Most people considering the CFA designation tend to worry about one thing – the exams. The exams are divided into three levels. Level 1 is written twice per year in June and December. It tests the candidates' knowledge of investment theory, ethics, financial accounting and portfolio management. (For more check out the Exam Section. For a complete list of all sections, check out the Investopedia CFA Level 1 Study Guide.)

Level 2 and Level 3 exams are held once per year in June. For a complete breakdown of the sections, check out CFA Level II Exam and CFA Level III Exam. This is not an easy test. The CFA institute estimates that at least 250 hours of studying is needed to pass each exam. For professionals attempting to study while still working in their field, this can be a daunting number. However, many candidates consider the concentrated study required a better education than graduate school because of its total focus on investment management and practice.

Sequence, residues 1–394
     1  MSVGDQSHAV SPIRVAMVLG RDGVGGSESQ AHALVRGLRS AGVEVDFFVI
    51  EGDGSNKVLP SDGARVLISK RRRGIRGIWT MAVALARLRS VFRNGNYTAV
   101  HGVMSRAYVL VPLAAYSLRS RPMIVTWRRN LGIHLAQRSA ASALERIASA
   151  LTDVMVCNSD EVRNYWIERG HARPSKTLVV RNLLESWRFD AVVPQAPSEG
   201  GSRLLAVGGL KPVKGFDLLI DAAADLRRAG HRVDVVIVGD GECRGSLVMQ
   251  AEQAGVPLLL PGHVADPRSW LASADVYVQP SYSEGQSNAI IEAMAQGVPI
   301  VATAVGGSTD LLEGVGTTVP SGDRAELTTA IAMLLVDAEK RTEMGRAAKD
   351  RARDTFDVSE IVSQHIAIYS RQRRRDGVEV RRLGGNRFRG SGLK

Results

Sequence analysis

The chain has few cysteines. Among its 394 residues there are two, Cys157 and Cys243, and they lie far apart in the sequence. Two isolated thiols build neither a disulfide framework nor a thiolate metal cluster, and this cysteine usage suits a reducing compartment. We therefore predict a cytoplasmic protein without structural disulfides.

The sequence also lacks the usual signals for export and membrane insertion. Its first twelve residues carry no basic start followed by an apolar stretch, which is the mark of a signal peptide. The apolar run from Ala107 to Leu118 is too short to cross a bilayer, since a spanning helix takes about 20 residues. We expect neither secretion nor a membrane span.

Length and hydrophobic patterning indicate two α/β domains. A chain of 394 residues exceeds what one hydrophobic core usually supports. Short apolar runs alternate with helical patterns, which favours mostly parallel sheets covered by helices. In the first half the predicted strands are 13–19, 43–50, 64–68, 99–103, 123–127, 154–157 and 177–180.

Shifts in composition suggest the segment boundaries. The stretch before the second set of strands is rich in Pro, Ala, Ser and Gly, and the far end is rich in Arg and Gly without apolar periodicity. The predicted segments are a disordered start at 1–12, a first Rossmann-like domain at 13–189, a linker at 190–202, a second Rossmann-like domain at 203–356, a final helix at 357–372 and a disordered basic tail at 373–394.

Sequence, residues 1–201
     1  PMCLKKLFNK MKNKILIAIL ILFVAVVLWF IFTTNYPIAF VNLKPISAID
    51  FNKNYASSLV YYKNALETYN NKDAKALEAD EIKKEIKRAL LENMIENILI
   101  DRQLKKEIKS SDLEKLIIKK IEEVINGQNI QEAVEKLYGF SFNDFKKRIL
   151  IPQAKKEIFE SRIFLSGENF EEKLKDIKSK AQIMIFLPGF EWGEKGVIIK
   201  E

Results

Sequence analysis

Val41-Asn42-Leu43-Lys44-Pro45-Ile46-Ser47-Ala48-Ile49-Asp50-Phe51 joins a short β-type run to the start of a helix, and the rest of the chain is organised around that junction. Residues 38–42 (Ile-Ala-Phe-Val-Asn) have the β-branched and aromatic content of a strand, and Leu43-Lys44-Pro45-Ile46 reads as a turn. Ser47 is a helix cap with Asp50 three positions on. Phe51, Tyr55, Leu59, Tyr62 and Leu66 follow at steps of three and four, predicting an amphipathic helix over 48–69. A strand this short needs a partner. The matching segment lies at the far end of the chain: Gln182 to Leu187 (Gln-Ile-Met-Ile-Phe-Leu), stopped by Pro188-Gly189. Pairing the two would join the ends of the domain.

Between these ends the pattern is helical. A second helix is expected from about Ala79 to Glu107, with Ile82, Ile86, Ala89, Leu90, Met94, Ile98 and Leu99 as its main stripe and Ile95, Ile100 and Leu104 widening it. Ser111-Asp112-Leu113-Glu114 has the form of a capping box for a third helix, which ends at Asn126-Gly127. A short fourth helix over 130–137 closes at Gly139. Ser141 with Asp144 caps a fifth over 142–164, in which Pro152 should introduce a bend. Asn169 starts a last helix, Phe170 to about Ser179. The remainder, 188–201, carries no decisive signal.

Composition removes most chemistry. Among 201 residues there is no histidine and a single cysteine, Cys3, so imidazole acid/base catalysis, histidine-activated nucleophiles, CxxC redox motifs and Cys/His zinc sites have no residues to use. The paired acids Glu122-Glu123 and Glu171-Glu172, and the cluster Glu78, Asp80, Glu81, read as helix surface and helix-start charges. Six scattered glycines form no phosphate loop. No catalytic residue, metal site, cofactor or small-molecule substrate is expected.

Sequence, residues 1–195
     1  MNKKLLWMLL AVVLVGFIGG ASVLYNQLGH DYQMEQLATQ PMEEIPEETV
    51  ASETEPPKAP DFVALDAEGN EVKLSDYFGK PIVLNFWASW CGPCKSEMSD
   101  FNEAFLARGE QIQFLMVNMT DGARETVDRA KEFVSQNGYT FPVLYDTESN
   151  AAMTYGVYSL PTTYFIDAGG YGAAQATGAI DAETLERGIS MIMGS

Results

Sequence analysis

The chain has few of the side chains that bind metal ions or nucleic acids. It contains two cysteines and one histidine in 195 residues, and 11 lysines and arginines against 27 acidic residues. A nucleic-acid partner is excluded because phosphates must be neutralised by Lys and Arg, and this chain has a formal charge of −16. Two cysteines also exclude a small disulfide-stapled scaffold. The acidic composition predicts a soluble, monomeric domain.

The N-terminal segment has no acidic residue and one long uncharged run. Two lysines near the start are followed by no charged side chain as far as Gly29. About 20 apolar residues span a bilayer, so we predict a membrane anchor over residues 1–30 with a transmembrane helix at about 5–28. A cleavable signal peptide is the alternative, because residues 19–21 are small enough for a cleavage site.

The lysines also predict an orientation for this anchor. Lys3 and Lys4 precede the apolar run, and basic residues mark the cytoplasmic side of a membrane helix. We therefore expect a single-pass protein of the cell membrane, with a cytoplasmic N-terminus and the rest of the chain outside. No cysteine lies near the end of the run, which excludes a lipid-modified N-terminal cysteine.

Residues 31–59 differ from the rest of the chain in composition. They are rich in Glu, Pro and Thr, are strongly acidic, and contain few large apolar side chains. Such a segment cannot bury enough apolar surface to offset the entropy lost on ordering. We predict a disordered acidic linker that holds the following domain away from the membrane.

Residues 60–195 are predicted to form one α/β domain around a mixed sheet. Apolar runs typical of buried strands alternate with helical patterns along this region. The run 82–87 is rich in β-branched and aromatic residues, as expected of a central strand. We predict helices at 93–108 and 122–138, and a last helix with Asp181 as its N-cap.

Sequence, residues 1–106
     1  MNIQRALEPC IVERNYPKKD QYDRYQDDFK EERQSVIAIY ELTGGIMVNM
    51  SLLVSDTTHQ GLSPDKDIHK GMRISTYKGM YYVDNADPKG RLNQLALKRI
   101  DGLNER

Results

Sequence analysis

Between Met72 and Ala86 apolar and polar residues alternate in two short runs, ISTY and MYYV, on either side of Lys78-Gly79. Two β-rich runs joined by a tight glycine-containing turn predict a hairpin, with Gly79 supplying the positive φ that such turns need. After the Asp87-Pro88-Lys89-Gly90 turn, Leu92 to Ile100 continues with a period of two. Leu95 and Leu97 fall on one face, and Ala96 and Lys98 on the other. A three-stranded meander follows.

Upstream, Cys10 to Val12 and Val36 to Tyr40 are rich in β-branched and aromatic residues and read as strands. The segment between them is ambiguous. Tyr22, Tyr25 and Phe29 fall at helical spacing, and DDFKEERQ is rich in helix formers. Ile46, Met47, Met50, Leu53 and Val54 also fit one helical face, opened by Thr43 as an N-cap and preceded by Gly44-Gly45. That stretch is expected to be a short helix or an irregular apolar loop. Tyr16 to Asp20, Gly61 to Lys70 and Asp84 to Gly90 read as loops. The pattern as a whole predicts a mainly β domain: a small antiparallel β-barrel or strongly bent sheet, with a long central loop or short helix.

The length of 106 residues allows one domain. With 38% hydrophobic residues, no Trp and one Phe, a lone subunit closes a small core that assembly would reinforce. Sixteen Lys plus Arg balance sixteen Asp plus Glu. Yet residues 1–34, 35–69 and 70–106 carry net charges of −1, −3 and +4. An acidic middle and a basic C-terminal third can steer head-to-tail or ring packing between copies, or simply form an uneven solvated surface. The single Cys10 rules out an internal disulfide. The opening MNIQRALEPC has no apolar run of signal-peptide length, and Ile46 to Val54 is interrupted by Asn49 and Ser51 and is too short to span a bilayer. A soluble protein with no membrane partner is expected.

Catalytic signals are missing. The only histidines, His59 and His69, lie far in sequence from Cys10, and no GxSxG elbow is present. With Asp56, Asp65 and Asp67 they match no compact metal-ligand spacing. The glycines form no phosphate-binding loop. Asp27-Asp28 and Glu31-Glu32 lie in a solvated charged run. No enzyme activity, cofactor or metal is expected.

CFA Pass Rates
This course of study was formed in 1962 and is constantly updated to ensure that the curriculum meets the demands of the global investment industry. This graduate-level curriculum generally entails six months of study prior to each exam date. Pass rates vary from year to year, but since the first exam was given in 1963, the overall rate is 44% and the 10-year average pass rate sits at 39% as of 2010. Moreover, fewer than 20% of the candidates pass all three tests in the first three attempts, so it is important for candidates not to get discouraged. (We've got you covered! Check out Pass Your CFA Exams On The First Try.)

CFA Careers